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Liberals propose national school meal program as Canada remains back of pack on children’s nutrition

By Jolson Lim      

In yesterday’s federal budget, the government announced its 'intention to work with provinces and territories' toward the creation of the program, though no money was earmarked for it.

Finance Minister Bill Morneau, centre, with, from left, Liberal MPs Linda Lapointe, Greg Fergus, and Catherine McKenna touring an Ottawa Farm Boy location in August 2018. Mr. Morneau's recent budget proposed a national school meal program. The Hill Times photograph by Andrew Meade
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The Liberal government has proposed creating a national school meal program, which, if implemented, would see Canada join most other advanced economies in the world in having a countrywide school food initiative.

In yesterday’s federal budget, the government announced its “intention to work with provinces and territories towards the creation of a National School Food Program.” The one-sentence declaration was tucked into Liberals’ sprawling 464-page federal budget, the last of this government before Canadians head to the polls in October.

No money was earmarked in the budget for the proposed policy. It’s also uncertain whether a national program can be achieved given funding costs and potential provincial opposition to the federal Liberals’ idea.

Although there is a patchwork of existing local and provincial programs in the country providing funding for food for school children from junior kindergarten to Grade 12, Canada is the only G7 country and member of the 30-plus-nation Organisation for Economic Co-operation and Development (OECD) to lack a national school meal program, according to a 2016 report by two Simon Fraser University business professors.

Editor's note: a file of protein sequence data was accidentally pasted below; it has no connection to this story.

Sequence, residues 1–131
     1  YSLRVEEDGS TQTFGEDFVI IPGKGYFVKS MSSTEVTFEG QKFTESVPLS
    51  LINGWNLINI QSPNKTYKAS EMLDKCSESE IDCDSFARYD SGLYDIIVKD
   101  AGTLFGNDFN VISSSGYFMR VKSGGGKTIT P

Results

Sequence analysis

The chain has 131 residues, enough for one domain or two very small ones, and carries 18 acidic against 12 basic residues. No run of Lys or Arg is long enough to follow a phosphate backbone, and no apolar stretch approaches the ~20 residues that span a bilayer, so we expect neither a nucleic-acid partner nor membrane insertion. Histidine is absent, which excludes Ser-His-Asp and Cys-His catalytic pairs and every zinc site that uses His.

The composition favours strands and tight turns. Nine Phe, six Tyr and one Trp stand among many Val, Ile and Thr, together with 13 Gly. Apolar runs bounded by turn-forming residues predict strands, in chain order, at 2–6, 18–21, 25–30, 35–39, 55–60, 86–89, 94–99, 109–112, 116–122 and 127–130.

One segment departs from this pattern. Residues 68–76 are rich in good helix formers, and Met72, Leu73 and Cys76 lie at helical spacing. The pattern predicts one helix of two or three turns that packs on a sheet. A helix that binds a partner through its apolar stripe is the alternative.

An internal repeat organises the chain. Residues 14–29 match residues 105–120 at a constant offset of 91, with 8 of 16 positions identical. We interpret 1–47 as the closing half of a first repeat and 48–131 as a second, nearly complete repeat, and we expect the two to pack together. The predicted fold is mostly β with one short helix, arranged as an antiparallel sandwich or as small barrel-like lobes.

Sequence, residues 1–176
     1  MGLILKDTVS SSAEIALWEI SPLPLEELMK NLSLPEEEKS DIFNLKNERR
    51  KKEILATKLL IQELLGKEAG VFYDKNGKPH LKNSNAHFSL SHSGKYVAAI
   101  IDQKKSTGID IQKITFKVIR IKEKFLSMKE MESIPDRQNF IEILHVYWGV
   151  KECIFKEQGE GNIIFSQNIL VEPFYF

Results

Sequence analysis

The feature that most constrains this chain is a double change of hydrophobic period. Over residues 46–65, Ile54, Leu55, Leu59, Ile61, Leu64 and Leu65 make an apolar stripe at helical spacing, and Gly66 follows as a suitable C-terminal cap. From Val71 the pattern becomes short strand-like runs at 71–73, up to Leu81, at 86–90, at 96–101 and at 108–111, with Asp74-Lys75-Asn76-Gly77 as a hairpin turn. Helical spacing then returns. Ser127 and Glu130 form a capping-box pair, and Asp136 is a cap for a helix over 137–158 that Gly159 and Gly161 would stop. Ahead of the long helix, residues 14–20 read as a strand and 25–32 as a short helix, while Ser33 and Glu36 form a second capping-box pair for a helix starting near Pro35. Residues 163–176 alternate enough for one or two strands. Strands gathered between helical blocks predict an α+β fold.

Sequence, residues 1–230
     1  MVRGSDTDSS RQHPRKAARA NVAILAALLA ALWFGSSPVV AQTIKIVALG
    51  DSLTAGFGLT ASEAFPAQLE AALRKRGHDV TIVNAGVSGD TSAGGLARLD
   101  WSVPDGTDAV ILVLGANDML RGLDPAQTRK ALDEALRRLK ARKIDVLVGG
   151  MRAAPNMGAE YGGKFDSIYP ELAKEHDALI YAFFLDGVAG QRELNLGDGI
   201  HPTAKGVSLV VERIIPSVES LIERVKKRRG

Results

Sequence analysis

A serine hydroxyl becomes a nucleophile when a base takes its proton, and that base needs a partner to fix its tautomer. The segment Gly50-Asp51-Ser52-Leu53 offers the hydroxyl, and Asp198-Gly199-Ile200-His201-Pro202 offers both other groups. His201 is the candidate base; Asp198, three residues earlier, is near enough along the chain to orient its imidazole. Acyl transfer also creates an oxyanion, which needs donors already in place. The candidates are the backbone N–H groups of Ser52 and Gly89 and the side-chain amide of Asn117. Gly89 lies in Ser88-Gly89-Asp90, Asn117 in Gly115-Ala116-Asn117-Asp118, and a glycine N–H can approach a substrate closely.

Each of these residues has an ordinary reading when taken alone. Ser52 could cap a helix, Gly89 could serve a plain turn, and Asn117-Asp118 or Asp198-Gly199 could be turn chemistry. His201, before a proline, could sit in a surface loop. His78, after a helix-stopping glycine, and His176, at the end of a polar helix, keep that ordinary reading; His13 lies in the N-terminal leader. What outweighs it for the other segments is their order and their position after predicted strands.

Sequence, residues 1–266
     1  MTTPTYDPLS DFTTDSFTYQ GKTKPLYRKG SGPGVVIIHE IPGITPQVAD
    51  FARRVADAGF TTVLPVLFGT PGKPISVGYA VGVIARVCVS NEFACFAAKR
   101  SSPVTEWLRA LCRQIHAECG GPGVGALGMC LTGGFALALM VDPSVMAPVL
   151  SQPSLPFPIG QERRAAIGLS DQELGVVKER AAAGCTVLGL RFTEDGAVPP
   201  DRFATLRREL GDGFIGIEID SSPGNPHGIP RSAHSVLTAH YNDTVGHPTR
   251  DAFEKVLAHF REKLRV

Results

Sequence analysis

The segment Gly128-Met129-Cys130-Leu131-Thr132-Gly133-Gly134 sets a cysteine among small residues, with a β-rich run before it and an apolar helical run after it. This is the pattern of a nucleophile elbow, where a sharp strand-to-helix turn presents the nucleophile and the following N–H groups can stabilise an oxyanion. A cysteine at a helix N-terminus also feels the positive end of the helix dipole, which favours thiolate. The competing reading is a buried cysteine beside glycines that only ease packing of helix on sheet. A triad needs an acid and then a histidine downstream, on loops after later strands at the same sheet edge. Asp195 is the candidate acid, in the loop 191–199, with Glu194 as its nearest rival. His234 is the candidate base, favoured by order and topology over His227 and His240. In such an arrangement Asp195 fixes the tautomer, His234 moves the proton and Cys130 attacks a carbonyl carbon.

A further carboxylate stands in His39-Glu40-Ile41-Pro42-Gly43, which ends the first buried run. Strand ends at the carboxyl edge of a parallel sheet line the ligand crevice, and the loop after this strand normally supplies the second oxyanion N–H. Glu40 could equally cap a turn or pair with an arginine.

The proposed school program in the budget was grouped with the unveiling of a $134-million national food policy designed to increase Canadians’ access to healthy foods, promote domestically grown and harvested food, support food security in the North, and reduce food waste.

Debbie Field, co-ordinator for the Coalition for Healthy School Food, called the proposal a “huge deal,” comparing it to other major social welfare programs.

“It’s a major social policy initiative,” she said. “Sometimes one line in a budget like this creates national pharmacare or other things like that. It really is at that level.”

Ms. Field said a national school meal program can help address children’s access to healthy and nutritious foods. In terms of this metric, Canada lags behind most other rich countries.